“Sadly, we hardly ever get to rescue creatures caught in the ghost nets,” Crowley said. “Because they’re skeletons when we find them.”

Removing ghost nets became a priority for Ocean Voyages Institute. But the organization still needed effective methods to locate the gear. In 2010, Crowley put together a “marine debris collection think tank,” which included folks from sailors to scientists trying to find the answer.

Think tank members developed a method to keep track of the abandoned nets, even as the ocean currents moved them to different areas. Using GPS technology, they designed a volleyball-sized tracking device with a very long battery life that could be attached to the debris with carabiners.

The organization now distributes these reusable seven-pound trackers to volunteer mariners making a trip from California to Hawaii. Upon encountering ghost nets or other large debris, the sailor clips the tracking device to the garbage, turns it on and informs Ocean Voyages Institute that the beacon is now operating.

“The trackers were a breakthrough for us,” Crowley said. “It allows our oceanographers to have access to the movements of the plastic in real time and allows our cleanup ships to go directly to the ghost nets.”

Tracking the garbage also proved Crowley’s theory that the currents sort the derelict nets in the same way they sort laundry detergent bottles.

“Frequently, where there is one ghost net, we might find five or six in the same area, along with other plastic debris,” Crowley said. 

Sausalito nonprofit Ocean Voyages Institute focuses on finding fishing nets between California and Hawaii, eventually sending the debris to plastic recyclers . Photo courtesy of Ocean Voyages Institute.

After the plastic is collected by Ocean Voyages Institute, it’s brought to land—but never to a landfill. Volunteers sort the plastic for distribution to different recycling companies. Climate action artists from the University of Hawaii used the plastic in art projects, and a German company transformed it into jewelry and dog leashes.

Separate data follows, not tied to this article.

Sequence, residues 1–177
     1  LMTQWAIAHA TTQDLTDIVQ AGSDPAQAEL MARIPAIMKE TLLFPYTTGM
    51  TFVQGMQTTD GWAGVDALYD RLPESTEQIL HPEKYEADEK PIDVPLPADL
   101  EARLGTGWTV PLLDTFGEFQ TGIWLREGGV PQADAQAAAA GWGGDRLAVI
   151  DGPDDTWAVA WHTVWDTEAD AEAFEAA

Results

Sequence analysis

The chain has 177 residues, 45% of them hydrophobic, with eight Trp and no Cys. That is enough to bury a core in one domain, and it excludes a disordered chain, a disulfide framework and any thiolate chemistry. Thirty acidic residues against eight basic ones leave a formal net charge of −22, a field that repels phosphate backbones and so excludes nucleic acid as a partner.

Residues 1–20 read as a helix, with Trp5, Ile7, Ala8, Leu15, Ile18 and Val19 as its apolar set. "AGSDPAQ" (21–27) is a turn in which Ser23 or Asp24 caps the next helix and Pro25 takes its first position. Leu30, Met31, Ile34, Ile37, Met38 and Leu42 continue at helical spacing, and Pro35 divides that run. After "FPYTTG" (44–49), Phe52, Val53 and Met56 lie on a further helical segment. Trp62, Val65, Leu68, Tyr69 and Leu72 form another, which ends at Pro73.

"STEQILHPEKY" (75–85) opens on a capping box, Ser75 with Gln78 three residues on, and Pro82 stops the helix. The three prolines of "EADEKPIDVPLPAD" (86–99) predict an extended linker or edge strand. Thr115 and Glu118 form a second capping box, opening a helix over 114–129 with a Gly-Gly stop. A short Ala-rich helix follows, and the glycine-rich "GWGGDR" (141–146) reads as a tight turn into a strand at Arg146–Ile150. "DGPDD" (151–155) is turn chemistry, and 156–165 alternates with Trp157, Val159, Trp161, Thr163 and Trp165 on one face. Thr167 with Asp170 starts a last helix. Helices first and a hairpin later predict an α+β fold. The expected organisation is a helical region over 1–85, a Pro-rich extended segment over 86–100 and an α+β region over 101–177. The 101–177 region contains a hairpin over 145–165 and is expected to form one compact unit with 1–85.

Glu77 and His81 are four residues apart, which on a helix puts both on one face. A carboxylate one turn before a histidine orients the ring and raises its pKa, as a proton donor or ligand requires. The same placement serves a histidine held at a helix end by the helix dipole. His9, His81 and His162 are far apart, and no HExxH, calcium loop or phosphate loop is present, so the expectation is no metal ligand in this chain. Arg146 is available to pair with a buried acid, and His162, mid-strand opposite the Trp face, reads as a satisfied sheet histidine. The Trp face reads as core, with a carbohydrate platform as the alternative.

The bulk of the garbage goes to larger companies, such as ByFusion in Los Angeles, which recycles plastics into building materials. Resynergi, a Rohnert Park company, uses the debris to produce clean chemicals that can then be turned into plastic again. Circle of life.

Since it appears that society and industry aren’t willing to stop manufacturing and using plastics anytime soon, Ocean Voyages Institute’s mission continues. This summer, the team will again be cleaning up the Pacific’s plastic vortex, and they’re asking for assistance from the mariner community.

“We’re actively seeking sailors who are going from California to Hawaii,” Crowley said. “They could take photographs or bring our GPS trackers to tag ghost nets. People doing more extensive cruising can help with water sampling. Sailors can make a big difference to help ocean science.”

Mariners interested in volunteering, contact Ocean Voyages Institute at [email protected].

Nikki Silverstein
Nikki Silverstein is an award-winning journalist who has written for the Pacific Sun since 2005. She escaped Florida after college and now lives in Sausalito with her Chiweenie and an assortment of foster dogs. Send news tips to [email protected].


  1. So glad to see this!!! Deep gratitude for what you are doing. Your organization will be mentioned in my trust as part of the charities that I will support after my death. I also will share it with Mariners that I know

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  2. What wonderful journalism. More than “plastic’s out there,” Ms Silverstein introduced me to Mary Crowley of Ocean Voyages Institute, ByFusion in L.A. and Resynergi of Rohnert Park.
    What I thought was intractable, unsolvable, turns out to be merely a workday challenge for these powerful dreamers to overcome. Thanks, Pacific Sun

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  3. I was devastated to see the skeleton of the turtle in the ghost net. Plastic which was once a big invention is now a cancer! So sad

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  4. I’ve created and coordinate a “War Against Trash” in Mexico that not only has volunteers clean up trash that is thrown into rivers, streets, and vacant lots but also initiated an Educational Campaign that teaches people how and why we need to keep our planet clean.